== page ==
This summer, we’ve been treated to the usual rush of Marvel comic movies, the controversial reboot of the classic Ghostbusters with an all-female cast, along with the standard sprinkling of sequels chronicling the lives of extinct animals or pets. In this mix is an unusual war-on-drugs movie, The Infiltrator, set in Miami, and starring the inimitable Bryan Cranston. With this film, director Brad Furman (The Take, The Lincoln Lawyer) decided to take a chance on a first-time screenwriter — his mother, Ellen Brown Furman — a former Philadelphia lawyer, award-winning short story writer and my long-time friend.
Based on a true story, the film follows the exploits of U.S. Customs agent Bob Mazur (Bryan Cranston) who infiltrates Pablo Escobar’s violent world of drug trafficking in 1985 by posing as a slick money launderer named Bob Musella. Mazur teams with street-smart agent Emir Ebreu (John Leguizamo) and first-time undercover agent Kathy Ertz (Diane Kruger). Navigating a world of illicit drugs, crooked bankers and vicious drug kingpins, Mazur builds a case that ultimately leads to the indictments of 85 drug lords and bankers, as well as the collapse of the seventh largest private bank in the world.
Here is an excerpt of my interview with Ellen Brown Furman:
Garnet News: What attracted you to Bob Mazur’s story?
EBF: When I read about Bob’s infiltration of the Medellin Cartel as he helped them to launder their dirty money at the risk of his life and that of his wife and two young children, I asked myself, who would ever do this? That question made me want to write the movie. It was a challenge to try to understand what motivates a person to risk death at every turn, to lie constantly, to become someone who he is not. Isn’t a desk job enough? At least you get to go home for dinner. But for some, danger is a drug. Becoming a criminal when you’re really a law-abiding citizen working for the government is as fascinating a subject as I could find.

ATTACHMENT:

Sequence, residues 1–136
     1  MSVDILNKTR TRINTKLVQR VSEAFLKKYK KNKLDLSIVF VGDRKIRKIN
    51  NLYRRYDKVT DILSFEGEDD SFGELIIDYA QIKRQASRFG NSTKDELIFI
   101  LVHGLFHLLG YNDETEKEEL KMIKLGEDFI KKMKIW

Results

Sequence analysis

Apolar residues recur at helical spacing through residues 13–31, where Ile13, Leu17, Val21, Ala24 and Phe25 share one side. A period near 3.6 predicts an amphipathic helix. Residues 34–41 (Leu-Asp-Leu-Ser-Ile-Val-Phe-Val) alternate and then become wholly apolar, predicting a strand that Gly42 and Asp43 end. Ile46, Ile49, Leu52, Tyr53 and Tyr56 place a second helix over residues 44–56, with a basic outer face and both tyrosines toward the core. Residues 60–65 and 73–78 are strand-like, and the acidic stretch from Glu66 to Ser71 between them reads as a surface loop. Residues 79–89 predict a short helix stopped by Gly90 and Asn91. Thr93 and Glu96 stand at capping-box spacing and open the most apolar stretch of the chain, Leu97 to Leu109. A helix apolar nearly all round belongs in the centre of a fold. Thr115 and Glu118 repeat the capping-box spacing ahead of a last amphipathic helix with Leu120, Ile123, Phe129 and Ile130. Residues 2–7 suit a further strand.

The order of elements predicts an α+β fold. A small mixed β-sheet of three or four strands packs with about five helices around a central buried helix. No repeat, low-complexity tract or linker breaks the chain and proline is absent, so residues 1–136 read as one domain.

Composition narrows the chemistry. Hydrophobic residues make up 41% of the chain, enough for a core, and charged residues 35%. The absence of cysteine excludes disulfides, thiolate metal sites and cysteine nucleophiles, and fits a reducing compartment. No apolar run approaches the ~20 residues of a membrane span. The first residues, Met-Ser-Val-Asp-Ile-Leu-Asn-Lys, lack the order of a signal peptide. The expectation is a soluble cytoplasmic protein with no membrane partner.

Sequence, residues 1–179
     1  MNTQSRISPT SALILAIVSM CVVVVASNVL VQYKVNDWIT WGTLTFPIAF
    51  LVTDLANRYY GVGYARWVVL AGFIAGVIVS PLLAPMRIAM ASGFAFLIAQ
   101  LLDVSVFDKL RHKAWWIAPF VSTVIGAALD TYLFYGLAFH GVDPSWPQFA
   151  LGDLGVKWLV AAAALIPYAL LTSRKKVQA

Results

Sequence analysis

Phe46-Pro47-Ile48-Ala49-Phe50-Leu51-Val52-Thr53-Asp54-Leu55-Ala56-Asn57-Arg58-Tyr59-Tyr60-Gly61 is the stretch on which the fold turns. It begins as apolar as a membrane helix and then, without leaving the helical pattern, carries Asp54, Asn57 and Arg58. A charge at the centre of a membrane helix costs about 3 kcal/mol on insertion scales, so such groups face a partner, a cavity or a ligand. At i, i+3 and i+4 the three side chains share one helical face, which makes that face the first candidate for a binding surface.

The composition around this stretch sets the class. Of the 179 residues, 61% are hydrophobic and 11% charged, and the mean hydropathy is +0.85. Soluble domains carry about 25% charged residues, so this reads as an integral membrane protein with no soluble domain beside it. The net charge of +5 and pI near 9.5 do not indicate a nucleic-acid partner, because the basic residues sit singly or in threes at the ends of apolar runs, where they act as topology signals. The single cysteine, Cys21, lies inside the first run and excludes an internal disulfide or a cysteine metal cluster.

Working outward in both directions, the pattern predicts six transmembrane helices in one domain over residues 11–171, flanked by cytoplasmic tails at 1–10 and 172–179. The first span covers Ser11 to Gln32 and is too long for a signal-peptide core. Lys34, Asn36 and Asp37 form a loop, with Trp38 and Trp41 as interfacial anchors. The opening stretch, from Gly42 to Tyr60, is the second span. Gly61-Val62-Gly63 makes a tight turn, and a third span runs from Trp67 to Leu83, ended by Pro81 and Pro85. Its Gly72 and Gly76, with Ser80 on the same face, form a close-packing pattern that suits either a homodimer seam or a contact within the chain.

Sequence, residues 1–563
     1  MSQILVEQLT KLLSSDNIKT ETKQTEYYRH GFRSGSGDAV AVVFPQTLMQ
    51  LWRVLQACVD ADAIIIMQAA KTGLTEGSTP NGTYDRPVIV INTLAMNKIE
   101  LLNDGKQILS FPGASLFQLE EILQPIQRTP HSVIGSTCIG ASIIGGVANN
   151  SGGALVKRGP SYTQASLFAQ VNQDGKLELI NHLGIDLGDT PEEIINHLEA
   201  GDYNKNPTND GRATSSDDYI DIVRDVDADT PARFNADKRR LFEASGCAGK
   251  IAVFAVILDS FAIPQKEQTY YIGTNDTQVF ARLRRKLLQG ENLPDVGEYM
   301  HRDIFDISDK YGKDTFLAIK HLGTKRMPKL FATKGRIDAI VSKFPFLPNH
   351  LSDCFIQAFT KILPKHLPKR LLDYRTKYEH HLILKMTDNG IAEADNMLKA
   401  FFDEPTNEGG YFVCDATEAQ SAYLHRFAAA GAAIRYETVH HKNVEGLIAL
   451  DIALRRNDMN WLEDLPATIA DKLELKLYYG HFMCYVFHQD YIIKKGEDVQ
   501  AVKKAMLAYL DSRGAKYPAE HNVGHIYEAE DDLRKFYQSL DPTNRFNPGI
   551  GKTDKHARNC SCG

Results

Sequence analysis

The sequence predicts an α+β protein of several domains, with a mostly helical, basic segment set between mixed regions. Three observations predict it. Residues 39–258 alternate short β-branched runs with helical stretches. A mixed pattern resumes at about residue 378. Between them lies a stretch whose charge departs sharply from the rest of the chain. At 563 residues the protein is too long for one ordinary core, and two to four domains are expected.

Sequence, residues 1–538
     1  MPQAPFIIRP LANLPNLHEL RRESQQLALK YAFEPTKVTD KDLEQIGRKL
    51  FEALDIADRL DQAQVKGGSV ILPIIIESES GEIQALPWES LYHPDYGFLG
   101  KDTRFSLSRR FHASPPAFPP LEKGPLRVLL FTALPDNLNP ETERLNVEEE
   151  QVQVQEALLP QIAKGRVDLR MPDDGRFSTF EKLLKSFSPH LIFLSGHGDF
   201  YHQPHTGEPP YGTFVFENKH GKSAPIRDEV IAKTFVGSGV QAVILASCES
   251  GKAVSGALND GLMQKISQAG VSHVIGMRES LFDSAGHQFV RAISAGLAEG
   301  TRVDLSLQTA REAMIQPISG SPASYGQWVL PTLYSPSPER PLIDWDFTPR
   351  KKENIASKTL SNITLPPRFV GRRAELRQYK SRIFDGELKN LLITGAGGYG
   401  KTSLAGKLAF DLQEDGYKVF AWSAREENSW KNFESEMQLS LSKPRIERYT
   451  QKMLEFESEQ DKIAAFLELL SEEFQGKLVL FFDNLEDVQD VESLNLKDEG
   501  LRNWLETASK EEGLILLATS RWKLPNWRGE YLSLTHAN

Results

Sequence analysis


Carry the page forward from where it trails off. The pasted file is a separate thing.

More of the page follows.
Garnet News: Tell us about your writing method, the switch between writing a short story and screenplay.
EBF: I love the short story form and wish more people would read them. They are precious nuggets of tight story. I am fascinated by the way people interact, what they say and what they don’t. Screenplays combine the two, tight story and dialogue. I think the short story is the perfect length, with the right amount of characterization and plot, to springboard into a film. Several of the scripts I’ve written have been developed from my short stories.
Garnet News: How did you develop the female characters, Ev and Kathy in the movie, as well as Tischler? Did you meet them prior to writing the screenplay?
EBF: The female characters in The Infiltrator were delicious to write. Bob Mazur goes undercover, and because he doesn’t want to cheat on his wife, he tells the Cartel members he has a fiancée. Enter Kathy Ertz. She was a young, pretty agent volunteering for her first assignment. A typical Hollywood rendering of a character like hers might have her screw up first and then grow into the job. But that’s not how I saw Kathy.
Ironically, I didn’t meet Kathy before writing her role. I felt like I knew her. I felt she was born to be undercover, to make up stories about her past and win the hearts of the bad guys. Why couldn’t she be as amazing as some of the women I knew? So I did that. It turns out the real Kathy was exactly like I imagined her!
Ev Mazur, Bob’s wife, was a little harder to write. I wanted to avoid the stereotype of the woman who waits home for her man. Ev is a strong woman. Her children came first. But she was never wallpaper or window dressing.
Bob Mazur’s boss was Bonni Tischler. She was no-nonsense, a woman who carried a gun. She was tough talking and fun to write. I admire strong women, and her gutter language was so refreshing. “Move it piss ant” has turned out to be one of the funniest lines in the film.
Garnet News: How was the writing process, since this was developed from a memoir?
EBF: Actually, it’s like reading an article as a starting point and then fleshing it out and creating a believable world, most of which I gleaned from meeting Bob. I had to learn what made Bob Mazur tick. It took time to earn his trust, to learn that he loved being his alter ego, Robert Musella. He loved it… risking it all for a higher goal.